proposes to make, in effect, a new series of reports, devoted exclusively to this subject. The number of cases is already so considerable that several volumes will be required to bring the work down to date, after which a new volume is to be added as often as the further accumulation of cases demands. It is needless to remark on the many advantages of such a plan. The first two volumes are at hand, and bear evidence of much careful preparation. The cases are well arranged, the annotations numerous, and the index a model for all books of this class.

A. K. G.

THE UNITED STATES INTERNAL REVENUE TAX SYSTEM, embracing all Internal Revenue laws, now in force, as amended by the latest enactments. Edited by Charles Wesley Eldridge. Boston and New York: Houghton, Mifflin, & Co. 1895. 8vo. pp. vii, 722. Mr. Eldridge's book is not a commentary. Its object is to present a reliable statement of the whole law of internal revenue taxation, as it exists to-day, with a digest of decisions and rulings, placed under the sections to which they relate. The book has been carefully prepared by one who had a hand in revising the internal revenue laws, and will doubtless be found a helpful guide to all who have occasion to explore the wilderness of the revised statutes on the subject. An improvement might be suggested in the facilities for reference and cross reference. "Compare with sec. 118, Act June 30, 1864, as amended, infra," and " see Appendix," are perhaps not as precise references as could be desired, where sec. 118 is in another chapter, and the Appendix occupies forty pages.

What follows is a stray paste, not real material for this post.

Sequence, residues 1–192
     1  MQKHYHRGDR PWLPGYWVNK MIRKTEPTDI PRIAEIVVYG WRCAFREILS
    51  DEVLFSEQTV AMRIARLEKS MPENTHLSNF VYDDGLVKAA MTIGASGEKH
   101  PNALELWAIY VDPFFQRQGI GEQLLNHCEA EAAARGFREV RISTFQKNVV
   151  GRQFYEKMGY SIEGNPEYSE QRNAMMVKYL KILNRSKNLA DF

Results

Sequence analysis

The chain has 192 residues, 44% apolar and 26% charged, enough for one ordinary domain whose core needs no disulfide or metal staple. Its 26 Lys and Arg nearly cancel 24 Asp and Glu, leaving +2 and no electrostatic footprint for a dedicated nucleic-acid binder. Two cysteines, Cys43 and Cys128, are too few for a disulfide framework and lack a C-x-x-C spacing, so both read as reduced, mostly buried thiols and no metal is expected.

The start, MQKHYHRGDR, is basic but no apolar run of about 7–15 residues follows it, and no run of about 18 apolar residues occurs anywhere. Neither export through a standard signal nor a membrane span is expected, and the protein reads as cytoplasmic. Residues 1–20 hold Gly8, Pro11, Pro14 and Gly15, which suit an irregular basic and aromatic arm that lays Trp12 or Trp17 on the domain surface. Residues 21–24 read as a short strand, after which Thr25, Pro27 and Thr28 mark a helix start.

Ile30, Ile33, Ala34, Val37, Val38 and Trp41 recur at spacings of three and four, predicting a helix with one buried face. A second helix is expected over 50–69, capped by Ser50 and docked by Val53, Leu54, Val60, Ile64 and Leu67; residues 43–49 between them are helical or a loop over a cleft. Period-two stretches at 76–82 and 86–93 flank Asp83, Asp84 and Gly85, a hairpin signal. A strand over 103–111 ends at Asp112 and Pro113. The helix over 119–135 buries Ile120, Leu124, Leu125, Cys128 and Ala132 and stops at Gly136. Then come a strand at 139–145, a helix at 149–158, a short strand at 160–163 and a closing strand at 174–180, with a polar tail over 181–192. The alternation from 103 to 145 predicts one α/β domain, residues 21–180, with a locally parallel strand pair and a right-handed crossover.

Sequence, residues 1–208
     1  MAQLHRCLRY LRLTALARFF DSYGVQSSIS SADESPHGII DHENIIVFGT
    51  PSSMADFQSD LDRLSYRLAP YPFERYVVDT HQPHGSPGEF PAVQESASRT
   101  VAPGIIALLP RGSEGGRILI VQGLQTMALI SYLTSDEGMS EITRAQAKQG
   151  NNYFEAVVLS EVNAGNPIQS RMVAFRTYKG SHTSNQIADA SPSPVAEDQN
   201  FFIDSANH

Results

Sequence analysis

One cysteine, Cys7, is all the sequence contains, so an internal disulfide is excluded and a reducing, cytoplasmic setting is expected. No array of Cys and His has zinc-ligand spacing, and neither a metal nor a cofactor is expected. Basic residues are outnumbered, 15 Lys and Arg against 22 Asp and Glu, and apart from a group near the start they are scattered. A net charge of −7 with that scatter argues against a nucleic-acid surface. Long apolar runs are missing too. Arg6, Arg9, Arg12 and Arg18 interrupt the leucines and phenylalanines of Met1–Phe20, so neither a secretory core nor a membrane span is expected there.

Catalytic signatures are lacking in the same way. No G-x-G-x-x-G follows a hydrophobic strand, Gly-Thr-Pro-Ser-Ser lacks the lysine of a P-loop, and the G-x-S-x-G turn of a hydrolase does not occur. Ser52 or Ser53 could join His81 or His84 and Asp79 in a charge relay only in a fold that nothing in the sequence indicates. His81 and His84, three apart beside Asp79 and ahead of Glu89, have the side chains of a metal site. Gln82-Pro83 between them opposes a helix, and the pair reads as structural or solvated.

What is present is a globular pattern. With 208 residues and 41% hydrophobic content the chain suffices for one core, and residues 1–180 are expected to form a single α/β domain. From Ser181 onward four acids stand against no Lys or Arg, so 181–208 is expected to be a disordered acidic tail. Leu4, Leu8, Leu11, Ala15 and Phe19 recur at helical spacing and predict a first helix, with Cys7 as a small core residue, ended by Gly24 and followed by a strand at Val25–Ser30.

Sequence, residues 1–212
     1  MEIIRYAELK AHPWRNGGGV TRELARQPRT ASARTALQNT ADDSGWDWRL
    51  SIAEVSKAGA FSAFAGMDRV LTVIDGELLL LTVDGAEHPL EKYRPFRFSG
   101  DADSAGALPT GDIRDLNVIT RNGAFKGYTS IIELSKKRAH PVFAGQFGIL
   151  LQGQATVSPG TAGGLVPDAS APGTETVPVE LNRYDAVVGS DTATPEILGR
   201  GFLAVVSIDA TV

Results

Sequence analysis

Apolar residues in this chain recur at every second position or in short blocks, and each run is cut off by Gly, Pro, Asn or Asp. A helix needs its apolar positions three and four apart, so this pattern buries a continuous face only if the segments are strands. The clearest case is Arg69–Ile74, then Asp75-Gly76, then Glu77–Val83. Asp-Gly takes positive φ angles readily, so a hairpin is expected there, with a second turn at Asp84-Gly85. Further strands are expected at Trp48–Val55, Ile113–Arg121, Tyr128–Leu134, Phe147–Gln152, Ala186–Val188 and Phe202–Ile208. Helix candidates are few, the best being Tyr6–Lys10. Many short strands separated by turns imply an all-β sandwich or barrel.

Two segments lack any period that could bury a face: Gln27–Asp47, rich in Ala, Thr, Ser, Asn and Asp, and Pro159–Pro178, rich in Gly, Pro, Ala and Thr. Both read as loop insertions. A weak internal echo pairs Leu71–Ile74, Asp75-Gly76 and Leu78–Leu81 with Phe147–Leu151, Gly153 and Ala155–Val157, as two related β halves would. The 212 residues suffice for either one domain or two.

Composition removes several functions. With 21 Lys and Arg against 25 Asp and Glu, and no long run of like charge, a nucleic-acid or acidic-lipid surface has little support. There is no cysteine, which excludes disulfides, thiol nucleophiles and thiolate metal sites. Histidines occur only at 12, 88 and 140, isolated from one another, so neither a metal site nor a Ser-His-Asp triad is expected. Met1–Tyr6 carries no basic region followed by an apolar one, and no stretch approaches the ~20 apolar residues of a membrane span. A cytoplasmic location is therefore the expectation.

A. K. G.

By

OLIVER'S PRECEDENTS AND FORMS OF PRACTICE. Fifth edition. Bordman Hall, LL.B. Boston Little, Brown, & Co. 1895. 8vo. pp. xlviii, 773.

Although this treatise was originally published in 1842, it has managed to survive the various codes and practice acts, and to attain a high rank in the esteem of practitioners of the day, who find that the need of common forms and precedents has by no means disappeared. This useful work has generally succeeded in filling an important place, and the present edition promises to enhance its value in the future. A great deal of what was unnecessary or obsolete has been omitted, much has been rewritten, and convenient improvements have been made in the classification and indexing of the material. Many new precedents have been added, and States outside of New England have not been as entirely neglected as in the past. The scope of the work has, on the whole, been well recognized, and its objects carried out with creditable success.